Look at the following chart and notice how God’s boundaries are wrapped in love:
No coarse joking, not a hint of sexual immorality
Be imitators of God, therefore, as dearly loved children and live a life of love…
Treat younger men as brothers and younger women as sisters, with absolute purity
(1 Timothy 5:1-2)
Watch your life and your doctrine closely … save both yourself and your hearers
(1 Timothy 4:16)
Keep the marriage bed pure
Do not deprive each other, except by mutual consent and for a time, so you may devote yourselves to prayer. Then come together again, so that Satan will not tempt you through your lack of self-control.
(1 Corinthians 7:5)
Learn to control your body in a way that is holy and honorable
(1 Thessalonians 4:4)
May the Lord make your love increase and overflow for each other …
Now that we have a better understanding of spiritual boundaries and how God uses them, let’s get to work…
Vow to change: an encouraging call to action
Set practical boundaries for the protection of your marriage
Boundaries fall into one of two categories: protective and giving. It is important to set parameters in both categories to help fuel our marriage.
Read the following examples of protective and giving boundaries.
Finances- talk about your spending limits and how to honor God with your money (stewardship; Luke 21:1-4). (For more financial help in your marriage, read Finding Freedom in Financial Unity.)
Technology- use the same passwords, know each other’s cellphone passcodes, be open with all text messages, include spouse when texting with the opposite sex
Not a hint of immorality- neither spouse alone with someone of the opposite sex without advance permission, no entertainment (movies, books, etc.) with nudity/sexual innuendo
Time- What are my priorities? Are they aligned with what God’s Word says, or is something else taking precedent? Remember the Lord’s greatest commandments, then pray Psalm 90:12 to refocus where your time and energy should be spent.
Absolute purity- confess sexual sin/temptation right away, make it safe for confession and discussion! (*This is the counterpart to the third point above regarding sexual immorality.)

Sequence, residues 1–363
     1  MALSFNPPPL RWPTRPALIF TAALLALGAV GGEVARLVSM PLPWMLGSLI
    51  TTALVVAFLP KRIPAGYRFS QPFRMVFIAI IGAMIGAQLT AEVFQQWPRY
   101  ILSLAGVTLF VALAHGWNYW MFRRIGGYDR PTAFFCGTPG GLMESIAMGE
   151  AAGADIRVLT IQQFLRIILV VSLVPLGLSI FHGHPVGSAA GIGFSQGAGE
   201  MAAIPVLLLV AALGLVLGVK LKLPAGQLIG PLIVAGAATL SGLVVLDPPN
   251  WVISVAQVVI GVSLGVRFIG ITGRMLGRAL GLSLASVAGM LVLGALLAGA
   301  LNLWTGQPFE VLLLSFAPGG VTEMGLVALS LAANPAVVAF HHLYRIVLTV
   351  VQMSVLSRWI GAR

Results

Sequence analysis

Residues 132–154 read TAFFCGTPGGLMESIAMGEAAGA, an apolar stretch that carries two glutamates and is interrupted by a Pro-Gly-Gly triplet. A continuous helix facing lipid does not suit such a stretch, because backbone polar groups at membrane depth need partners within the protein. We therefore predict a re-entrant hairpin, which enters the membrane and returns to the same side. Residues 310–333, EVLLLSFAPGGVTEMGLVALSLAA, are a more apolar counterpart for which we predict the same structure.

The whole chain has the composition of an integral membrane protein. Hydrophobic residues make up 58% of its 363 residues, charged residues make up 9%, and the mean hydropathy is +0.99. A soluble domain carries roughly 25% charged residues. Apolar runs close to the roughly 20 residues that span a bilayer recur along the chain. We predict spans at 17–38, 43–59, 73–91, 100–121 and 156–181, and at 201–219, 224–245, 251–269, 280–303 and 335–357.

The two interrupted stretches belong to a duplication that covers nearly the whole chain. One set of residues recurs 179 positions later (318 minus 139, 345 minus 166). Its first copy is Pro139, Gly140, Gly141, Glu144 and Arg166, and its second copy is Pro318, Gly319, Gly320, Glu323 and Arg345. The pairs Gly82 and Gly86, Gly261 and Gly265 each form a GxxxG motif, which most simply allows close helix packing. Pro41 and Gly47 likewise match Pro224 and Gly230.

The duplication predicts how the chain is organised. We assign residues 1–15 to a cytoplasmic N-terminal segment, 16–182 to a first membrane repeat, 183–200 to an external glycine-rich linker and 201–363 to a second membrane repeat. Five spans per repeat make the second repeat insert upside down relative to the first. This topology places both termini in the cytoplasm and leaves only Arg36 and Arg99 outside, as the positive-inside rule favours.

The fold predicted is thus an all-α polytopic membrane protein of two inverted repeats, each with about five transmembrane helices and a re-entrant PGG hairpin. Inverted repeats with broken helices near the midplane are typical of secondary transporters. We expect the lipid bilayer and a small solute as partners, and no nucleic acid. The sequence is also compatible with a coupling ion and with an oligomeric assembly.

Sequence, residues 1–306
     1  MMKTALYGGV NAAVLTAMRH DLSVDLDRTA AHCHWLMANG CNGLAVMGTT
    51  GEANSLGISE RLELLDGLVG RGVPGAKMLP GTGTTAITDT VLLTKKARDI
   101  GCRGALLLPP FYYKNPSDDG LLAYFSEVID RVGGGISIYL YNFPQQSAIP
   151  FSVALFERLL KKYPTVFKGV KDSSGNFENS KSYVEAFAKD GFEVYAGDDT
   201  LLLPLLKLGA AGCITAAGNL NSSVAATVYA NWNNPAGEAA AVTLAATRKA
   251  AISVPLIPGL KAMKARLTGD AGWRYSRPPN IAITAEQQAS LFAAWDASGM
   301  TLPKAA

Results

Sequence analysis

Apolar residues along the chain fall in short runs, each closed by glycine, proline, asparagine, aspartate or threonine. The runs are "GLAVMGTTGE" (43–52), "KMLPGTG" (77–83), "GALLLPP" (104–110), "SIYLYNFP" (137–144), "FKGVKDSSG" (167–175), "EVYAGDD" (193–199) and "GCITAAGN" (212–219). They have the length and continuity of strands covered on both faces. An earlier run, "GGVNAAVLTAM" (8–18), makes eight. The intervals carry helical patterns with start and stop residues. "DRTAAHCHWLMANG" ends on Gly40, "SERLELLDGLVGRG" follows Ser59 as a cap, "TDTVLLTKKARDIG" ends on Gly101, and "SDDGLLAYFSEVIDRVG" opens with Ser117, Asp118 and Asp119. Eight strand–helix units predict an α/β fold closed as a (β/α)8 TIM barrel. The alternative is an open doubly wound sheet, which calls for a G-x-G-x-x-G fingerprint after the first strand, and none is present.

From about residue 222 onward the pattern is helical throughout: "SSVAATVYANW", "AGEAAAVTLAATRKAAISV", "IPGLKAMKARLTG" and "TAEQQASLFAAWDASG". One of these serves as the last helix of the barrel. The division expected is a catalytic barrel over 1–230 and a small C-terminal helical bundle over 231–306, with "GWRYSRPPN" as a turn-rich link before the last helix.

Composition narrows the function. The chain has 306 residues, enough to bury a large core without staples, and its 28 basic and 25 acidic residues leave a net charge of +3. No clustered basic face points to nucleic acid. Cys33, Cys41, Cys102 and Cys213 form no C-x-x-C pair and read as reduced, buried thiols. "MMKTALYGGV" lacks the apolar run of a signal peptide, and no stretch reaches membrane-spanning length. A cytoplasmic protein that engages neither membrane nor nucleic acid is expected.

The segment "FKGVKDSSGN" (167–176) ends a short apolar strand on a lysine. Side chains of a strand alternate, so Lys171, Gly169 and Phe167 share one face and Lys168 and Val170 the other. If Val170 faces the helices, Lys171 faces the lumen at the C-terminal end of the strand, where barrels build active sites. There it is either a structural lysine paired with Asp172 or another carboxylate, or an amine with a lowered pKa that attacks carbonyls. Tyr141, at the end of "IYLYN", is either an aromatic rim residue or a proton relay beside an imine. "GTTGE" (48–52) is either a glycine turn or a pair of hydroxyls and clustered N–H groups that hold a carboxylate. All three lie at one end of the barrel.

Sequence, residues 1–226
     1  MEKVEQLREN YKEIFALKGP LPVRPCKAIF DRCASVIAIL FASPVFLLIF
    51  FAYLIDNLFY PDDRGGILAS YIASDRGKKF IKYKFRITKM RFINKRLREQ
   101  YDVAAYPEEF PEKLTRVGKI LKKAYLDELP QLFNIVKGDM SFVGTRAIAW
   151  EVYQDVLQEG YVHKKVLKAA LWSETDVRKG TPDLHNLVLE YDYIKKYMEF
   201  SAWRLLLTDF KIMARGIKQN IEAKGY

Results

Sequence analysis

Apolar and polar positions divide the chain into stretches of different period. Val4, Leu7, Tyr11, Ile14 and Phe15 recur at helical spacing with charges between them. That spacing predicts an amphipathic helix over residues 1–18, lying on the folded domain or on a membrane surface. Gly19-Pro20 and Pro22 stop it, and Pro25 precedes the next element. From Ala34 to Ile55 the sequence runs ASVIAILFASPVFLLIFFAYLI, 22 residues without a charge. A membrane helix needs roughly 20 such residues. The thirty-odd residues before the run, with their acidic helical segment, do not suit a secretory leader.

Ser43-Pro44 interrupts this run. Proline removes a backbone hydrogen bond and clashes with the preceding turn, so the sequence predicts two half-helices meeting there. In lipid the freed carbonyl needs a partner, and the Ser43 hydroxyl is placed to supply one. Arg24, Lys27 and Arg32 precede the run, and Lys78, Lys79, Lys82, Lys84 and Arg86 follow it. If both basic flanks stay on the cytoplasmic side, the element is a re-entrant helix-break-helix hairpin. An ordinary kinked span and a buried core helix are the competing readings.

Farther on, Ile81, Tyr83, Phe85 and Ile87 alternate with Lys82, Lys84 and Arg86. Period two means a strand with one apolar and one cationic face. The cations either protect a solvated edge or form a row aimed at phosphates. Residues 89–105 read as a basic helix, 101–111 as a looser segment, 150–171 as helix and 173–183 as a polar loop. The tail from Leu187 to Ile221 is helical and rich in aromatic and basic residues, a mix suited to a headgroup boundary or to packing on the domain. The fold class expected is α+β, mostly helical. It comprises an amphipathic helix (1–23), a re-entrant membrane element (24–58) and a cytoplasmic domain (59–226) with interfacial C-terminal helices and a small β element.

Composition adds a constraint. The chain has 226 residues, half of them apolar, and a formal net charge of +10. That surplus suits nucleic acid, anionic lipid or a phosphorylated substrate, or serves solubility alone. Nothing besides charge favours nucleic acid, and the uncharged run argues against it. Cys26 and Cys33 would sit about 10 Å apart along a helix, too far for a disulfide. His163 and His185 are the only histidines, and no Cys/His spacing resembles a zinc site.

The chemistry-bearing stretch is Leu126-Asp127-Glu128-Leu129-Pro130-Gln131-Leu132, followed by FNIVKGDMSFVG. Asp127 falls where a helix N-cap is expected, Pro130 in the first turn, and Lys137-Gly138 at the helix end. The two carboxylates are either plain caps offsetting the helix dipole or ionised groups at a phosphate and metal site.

If your spouse comes to you broken and empty, it is not the time to be judgmental and harsh, it’s the time to be generous. Fill up their tank!
As a couple, put a boundary on the amount of time that will pass without intimacy. (For more sexual intimacy, read Let's Talk About Sex and Why Isn't Sex with My Spouse Satisfying?).
Pray with your spouse about what boundaries are needed.
Use the following questions to guide your discussion:
What boundaries are already placed in our marriage?
What boundaries do you need placed on me?
What boundaries do we need together?
Who will keep us accountable (besides each other)?
Write it down.
Write down any boundaries you/your marriage needs and why
Back them up with Scripture references
Create practical questions for your accountability partner to ask you (for example: “When was the last time you felt justified in being disrespectful/unloving toward your spouse? Were you Biblically justified?”)
It’s easy to make a vow to change, do all the necessary work to set yourself up for success, even make a concerted effort for a few days. But eventually it’s gonna get real and staying within the boundaries you’ve put in place will be really tough. You may want to throw in the towel. (If you're desiring change in your marriage, but keep sliding back to square one, click HERE.)
Do not give up.
Check it out
We’ve all heard the phrase: “It takes a village.” Usually we use it in reference to raising children, but it can also apply to our marriages.This is where having an accountability partner is not only beneficial, but necessary. Read Should I Be Held Accountable? to learn more about the importance and benefits of an accountability relationship.
Listen to this post's corresponding podcast:
How to Help a Hurting Marriage: Boundaries & Accountability (Part 6):: [Episode 98]